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Daoist temples usually prepare divinatory sticks ( 籤筒 Qiantong ), which are put in divinatory stick holders ( 籤條 Qiantiao ). Divinatory sticks are usually made of bamboo. Believers one randomly by shaking a container of sticks until one falls out. They then judge the implications and the god's intention by interpreting the sentences on the stick. For simple operations, divinatory sticks in modern Daoist temples are separated into two parts. After people get a divinatory stick, they get a corresponding divinatory paper with poems on it. To get a divinatory stick, people should hold the stick holder, pray in front of the deities, and then shake the holder until one divinatory stick falls out. This one is thought to be bestowed by god. People like to cast divinatory sticks to predict their fortune in Daoist temples. This is a very common activity.
The origin of the appearance of casting divinatory sticks in Daoist temples was at the end of the Tang Dynasty. It soon spread to all shrines, temples and monasteries. It is hard to ascertain the exact beginning of casting divinatory sticks, but their earliest appearance can be dated to the end of the Tang Dynasty. During the Five Dynasties, the child Lu Duoxun, was brought to Yunyang temple by his father to study with other kids. There were some divinatory sticks on a discarded altar. The kids got the sticks and played with them. At that time, Lu couldn't read many words, so he took a stick home and showed it to his father. The poem on it read: "One will get the position of prime minister, will ascend to immortality at fifty-two, and turn out to be a guest at Penglai." His father thought it was an auspicious sign and was very glad about it, so he kept that divinatory stick. Lu did become a prime minister. He once asked his subordinate to connect with Qin emperor Ting Mei. After this event was revealed, he was sent into exile in the South and died at Zhu Ya at the age of fifty-two. His life experience fit the poem exactly (Please refer to Shi Wenyin's the Pure Talk of the Jade Kettle, vol.3.) ( 玉壺清話 Yuhu Qinghua ) The Five Dynasties didn't last long, and Lu Duoxun lived at the end of the Tang Dynasty. He found the divinatory stick holder when he was a child, so we can conclude that divinatory sticks must have appeared before that time.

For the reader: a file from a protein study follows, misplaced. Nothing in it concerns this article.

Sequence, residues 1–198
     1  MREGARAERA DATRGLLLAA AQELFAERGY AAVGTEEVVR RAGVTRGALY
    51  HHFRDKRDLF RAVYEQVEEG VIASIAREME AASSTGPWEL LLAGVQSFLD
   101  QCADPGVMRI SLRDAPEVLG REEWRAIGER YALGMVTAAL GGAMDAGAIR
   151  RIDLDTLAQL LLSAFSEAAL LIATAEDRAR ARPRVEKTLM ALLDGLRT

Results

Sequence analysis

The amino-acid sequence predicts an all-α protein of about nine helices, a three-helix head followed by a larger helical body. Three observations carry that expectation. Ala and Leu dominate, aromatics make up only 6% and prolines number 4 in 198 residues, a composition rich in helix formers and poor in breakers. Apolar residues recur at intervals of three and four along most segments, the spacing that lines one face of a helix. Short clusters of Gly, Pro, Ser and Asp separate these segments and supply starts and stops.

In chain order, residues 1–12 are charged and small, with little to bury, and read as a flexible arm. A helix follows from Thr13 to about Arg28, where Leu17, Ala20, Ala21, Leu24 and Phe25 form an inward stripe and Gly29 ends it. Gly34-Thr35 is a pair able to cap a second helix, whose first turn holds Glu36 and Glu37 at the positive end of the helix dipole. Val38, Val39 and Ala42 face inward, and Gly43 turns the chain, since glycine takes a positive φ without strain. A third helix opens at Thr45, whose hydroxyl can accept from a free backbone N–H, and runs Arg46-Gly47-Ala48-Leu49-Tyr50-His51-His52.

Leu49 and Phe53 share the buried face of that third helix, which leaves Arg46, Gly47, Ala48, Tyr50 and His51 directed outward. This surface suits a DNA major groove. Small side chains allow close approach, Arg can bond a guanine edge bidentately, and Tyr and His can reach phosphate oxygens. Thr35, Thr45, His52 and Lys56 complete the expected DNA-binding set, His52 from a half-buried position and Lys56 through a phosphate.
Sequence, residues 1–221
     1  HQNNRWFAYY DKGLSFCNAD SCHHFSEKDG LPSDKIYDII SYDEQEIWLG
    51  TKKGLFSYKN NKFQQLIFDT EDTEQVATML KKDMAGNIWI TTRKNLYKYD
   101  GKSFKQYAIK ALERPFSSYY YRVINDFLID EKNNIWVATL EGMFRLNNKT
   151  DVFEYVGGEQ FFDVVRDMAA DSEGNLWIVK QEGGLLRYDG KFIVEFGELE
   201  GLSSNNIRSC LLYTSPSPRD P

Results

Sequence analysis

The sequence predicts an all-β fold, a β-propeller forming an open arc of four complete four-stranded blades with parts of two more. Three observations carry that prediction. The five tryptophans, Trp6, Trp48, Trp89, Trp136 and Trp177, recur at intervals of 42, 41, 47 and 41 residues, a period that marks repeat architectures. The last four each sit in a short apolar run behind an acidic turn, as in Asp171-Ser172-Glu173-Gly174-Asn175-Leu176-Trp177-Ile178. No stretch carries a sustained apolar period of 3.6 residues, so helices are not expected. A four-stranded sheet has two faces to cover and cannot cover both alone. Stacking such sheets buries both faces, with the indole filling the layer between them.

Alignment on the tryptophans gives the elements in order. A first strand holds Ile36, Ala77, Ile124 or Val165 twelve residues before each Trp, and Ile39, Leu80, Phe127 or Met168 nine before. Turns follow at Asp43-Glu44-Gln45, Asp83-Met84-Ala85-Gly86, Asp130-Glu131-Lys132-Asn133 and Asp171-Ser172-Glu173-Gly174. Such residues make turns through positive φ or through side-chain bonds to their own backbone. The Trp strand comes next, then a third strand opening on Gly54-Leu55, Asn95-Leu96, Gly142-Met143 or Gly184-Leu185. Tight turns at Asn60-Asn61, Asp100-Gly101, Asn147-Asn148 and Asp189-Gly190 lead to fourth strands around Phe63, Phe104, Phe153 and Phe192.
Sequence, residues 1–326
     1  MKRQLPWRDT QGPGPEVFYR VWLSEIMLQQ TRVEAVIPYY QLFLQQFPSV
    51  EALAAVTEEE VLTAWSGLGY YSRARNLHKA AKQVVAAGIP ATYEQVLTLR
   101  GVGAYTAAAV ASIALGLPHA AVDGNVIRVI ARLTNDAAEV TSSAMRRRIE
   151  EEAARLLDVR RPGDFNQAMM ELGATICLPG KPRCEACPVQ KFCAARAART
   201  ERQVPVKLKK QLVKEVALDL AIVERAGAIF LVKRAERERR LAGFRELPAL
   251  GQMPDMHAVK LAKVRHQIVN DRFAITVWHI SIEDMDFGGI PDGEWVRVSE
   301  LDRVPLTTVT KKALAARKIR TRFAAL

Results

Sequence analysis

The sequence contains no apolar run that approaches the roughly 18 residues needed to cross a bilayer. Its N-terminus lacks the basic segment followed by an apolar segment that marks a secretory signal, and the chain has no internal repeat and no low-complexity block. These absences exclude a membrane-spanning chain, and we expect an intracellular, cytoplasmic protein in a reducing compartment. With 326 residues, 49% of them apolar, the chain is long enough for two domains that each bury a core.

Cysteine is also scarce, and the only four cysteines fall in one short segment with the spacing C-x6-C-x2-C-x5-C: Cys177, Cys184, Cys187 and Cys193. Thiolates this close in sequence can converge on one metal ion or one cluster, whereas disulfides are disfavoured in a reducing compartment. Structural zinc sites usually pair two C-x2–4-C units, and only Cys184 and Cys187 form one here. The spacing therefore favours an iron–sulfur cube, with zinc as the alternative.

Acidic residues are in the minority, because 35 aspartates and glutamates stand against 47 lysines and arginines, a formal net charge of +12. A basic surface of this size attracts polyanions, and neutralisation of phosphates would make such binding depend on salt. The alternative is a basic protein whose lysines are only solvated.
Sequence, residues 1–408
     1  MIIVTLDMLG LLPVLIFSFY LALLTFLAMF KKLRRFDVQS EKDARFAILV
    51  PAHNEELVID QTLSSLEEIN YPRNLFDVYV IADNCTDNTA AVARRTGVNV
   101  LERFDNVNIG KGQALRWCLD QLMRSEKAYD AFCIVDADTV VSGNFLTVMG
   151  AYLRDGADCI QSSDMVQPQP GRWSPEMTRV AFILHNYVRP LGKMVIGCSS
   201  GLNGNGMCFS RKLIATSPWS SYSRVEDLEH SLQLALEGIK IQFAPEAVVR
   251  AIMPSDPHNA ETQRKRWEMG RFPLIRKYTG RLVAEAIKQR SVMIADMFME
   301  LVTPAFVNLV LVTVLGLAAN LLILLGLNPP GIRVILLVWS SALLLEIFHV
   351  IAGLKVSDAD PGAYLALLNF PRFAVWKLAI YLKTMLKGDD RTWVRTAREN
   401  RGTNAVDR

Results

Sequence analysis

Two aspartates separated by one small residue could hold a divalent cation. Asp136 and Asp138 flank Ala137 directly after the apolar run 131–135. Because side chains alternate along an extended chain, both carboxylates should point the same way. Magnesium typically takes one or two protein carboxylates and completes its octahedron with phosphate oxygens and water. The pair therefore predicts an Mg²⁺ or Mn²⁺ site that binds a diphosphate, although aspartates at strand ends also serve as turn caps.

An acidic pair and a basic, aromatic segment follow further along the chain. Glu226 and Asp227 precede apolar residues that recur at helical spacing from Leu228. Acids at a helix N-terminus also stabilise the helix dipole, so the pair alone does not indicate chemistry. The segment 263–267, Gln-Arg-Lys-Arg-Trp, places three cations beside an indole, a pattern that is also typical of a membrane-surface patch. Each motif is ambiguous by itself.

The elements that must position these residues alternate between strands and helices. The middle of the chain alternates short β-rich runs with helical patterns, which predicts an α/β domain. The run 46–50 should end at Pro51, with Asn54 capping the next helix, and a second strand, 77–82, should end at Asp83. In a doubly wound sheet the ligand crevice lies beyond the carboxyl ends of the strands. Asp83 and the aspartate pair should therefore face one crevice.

Daoist divinatory sticks were widely accepted. Later, Buddhist temples and folk shrines all had divinatory sticks.
Divinatory sticks are mainly named after the patron gods of each temple
Divinatory sticks' predictions are the patron god's revelations. Sentences on the divinatory sticks are thought to be the god's instructions, revelations and prophecy. Therefore, divinatory sticks are generally named after the name of a certain god names, and they are called the Efficacious Sticks ( 靈籤 Lingqian ) of the god. Chinese are polytheistic, so divinatory sticks have many names. Theoretically speaking, there are as many kinds of divinatory sticks as there are gods worshipped in temples. The actual situation is different, however. But it is easy to find out various kinds of divinatory sticks in one place at one time. Seventy years ago, Rong Zhaozu collected eighteen kinds of divinatory sticks in different temples seventy years ago, including sticks named after Emperor Guan, the City God, the Earth God, Hua Tuo, Duke Kang, the Highest Emperor, the Sagely Emperors of the Three Worlds, Patriarch Lü, the Great Numinous Emperor of Medicine ( 醫靈大帝 Yiling Dadi ), the Great Emperor of the Sacred Mountain of the East, the Heavenly Empress, the Stellar Sovereign of Wealth, Guanyin, etc. (Cf. Origin of Divination ( 占卜的源流 Zhanbu Di Yuanliu ) (70in the Gushi bian). As far as the temples which offer divinatory sticks are concerned, most of them are Daoist temples or folk temples which were later integrated into Daoism. What Rong collected were modern divinatory sticks. The Daoist Canon collected Ming or earlier divinatory sticks. The Efficacious Divinatory Sticks of the Four Sagely and Perfected Sovereigns ( 四聖真君靈籤 Sisheng Zhenjun Lingqian ) may belong to the Yuan Dynasty, for the four sagely generals Tian Peng, Tian You, Hei Sha and the Guardian Sage ( 佑聖 Yousheng ) were popular in the Northern and Southern dynasties and less influential in the Ming Dynasty. The Guardian Sage General's position got increasingly higher since the Yuan Dynasty and was promoted to the position of Emperor of the Mysterious Northern Heaven in the Ming Dynasty; therefore, the divinatory sticks named after the Four Sages probably appeared in the Song Dynasty. Scriptures about Emperor Guan sometimes mentioned the Efficacious Divinatory Sticks of the Mysterious Northern Heaven. The Efficacious Divinatory Sticks of the Perfect Sovereign of Numinous Aid ( 靈濟真君靈籤 Lingji Zhenjun Lingqian ) certainly appeared in the Ming Dynasty, the two Perfect Sovereigns became popular during the reign of Yongle. Other divinatory sticks such as the Efficacious Divinatory Sticks of the Sacred Midwife Mother ( 房聖母靈籤 Weifang Shengmu Lingqian ) are harder to date. Most modern temples also have divinatory sticks whose names are the same as the temples or the gods in whose shrines they are cast.